I've spent many years helping people with psychosis and schizophrenia. A big part of my job is helping those who might be afraid or unsure about treatment. I know it's not easy for them to trust others and be open to change. My approach is always gentle and understanding because I know how important that is.
What are the treatment options?
Choosing the right treatment can seem overwhelming. Feeling confused or even want to put off getting treatment is normal. My job is to be there for you, to make sense of all these options, and to find a way forward that works for you and your family. We'll tackle these challenges together at a pace that feels comfortable for you.
Medication is the most effective treatment for the negative feelings that come with psychosis. I understand that you might worry about medication or its side effects, but there are many different kinds, and we'll find one that suits your loved one best. If the usual treatments aren't working, we can investigate further, for instance using pharmacogenetic testing. Talking therapy is something I believe in strongly, so if you're open to it, I can recommend a good psychologist.
Remember, the journey to recovery is a team effort. Together, we can work towards improving the life of your loved one and restoring a sense of hope and normalcy in your family.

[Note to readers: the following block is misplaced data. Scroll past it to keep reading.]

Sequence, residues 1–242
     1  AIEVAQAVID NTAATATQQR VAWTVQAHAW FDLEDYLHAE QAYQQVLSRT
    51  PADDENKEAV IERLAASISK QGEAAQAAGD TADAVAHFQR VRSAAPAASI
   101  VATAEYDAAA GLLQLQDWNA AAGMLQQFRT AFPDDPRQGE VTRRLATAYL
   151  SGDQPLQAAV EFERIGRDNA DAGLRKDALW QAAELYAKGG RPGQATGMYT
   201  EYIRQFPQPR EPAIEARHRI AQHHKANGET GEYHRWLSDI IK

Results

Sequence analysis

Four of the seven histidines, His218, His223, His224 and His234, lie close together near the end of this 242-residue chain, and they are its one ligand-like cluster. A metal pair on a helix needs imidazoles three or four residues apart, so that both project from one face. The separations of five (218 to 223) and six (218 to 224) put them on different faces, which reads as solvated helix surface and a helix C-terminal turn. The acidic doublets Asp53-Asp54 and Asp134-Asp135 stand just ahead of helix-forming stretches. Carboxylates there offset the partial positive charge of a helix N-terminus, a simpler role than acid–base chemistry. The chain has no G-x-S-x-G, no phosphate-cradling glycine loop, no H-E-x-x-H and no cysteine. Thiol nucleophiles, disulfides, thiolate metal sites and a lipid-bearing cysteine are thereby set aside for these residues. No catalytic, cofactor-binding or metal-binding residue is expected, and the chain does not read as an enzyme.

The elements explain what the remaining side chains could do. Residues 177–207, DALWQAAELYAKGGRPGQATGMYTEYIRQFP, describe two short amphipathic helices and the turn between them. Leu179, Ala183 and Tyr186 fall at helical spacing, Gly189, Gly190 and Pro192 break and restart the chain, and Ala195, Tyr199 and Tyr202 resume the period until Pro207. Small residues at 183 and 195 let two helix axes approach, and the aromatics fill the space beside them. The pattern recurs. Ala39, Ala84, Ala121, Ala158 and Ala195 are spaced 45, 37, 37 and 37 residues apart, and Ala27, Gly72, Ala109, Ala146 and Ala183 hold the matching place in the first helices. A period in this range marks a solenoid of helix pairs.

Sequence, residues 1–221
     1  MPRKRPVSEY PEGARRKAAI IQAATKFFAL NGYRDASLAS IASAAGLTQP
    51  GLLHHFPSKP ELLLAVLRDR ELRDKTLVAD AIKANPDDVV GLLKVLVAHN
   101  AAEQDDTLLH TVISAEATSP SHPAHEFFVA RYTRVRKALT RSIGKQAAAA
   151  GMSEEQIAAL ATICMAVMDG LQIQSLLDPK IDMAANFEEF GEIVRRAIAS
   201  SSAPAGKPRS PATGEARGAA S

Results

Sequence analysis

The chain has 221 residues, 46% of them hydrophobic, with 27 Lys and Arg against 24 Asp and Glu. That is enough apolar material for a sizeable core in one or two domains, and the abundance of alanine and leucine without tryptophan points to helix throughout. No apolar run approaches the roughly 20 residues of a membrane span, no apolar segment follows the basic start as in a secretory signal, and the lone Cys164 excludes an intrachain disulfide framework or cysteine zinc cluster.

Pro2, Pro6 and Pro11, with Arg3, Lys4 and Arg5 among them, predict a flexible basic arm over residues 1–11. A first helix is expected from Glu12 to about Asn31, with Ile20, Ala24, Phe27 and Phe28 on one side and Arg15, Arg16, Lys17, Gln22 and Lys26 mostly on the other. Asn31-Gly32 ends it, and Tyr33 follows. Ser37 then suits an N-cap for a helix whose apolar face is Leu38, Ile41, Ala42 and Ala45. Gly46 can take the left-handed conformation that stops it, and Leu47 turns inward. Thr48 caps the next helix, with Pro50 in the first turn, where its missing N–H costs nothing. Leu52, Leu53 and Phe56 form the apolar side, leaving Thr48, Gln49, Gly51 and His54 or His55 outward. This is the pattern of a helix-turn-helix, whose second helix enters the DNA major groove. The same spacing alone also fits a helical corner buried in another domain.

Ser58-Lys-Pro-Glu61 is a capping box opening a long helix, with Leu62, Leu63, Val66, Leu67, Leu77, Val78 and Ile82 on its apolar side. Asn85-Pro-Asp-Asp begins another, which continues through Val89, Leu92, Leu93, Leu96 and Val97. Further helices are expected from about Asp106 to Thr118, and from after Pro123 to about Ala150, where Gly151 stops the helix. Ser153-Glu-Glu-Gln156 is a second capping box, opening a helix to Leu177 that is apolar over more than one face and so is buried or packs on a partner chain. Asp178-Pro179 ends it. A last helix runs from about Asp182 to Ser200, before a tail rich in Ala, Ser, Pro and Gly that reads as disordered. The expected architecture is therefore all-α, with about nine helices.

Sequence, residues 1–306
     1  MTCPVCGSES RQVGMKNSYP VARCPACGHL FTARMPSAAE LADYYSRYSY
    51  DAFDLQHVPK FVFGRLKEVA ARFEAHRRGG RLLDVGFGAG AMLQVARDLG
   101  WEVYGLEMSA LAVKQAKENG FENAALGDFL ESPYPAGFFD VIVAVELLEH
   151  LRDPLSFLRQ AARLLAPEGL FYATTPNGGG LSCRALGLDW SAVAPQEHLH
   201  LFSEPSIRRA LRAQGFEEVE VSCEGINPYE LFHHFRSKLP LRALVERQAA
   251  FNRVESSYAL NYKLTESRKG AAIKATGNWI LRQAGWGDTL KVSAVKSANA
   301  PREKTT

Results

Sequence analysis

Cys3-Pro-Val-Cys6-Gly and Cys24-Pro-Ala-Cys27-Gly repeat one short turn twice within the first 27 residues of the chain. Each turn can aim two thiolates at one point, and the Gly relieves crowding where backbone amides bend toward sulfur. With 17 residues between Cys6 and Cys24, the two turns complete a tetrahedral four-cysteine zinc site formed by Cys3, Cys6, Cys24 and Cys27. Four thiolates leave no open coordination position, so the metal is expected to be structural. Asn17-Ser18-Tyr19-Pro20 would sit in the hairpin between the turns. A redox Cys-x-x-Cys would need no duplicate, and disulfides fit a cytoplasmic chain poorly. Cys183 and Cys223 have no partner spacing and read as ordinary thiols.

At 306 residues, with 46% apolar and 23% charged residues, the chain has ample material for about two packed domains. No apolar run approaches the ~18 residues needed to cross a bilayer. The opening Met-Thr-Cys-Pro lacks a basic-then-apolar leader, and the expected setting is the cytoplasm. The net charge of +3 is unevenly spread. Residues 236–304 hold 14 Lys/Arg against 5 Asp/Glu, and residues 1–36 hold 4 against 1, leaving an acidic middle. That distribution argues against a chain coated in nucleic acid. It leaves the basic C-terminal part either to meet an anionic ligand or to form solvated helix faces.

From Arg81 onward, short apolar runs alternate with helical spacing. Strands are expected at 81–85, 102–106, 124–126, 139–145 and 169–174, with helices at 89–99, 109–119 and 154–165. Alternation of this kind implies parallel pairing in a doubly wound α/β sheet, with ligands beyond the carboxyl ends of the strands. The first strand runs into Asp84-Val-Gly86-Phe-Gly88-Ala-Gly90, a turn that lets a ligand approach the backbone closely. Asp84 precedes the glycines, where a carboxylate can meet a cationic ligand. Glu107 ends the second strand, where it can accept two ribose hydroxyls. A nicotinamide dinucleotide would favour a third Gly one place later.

My approach to treatment
I know that seeing a new doctor can feel nerve-wracking. You might be worried about not being heard or understood, or maybe you're just nervous about talking to someone you don't know yet. It's completely normal to feel this way, and it's one reason why some people might wait a while before deciding to get help. If you're feeling vulnerable about opening up to a stranger, that's okay – it can take a little time to get comfortable.
Your first consultation
When you first come in, I'll give you a warm welcome to help you feel as comfortable as possible. We'll also go over how our session will work, including the kinds of questions I'll be asking. These questions are important because they help me get a clear picture of what's going on with you. We'll explore things like your childhood, school experiences, and family background, as well as your medical history and any past medications. Understanding your treatment history is crucial, as sometimes previous treatments might not have worked due to a misunderstanding or lack of information about past medications.
I'm here to find out what you're hoping to achieve from our sessions and how I can best support you.
Personalised treatment plans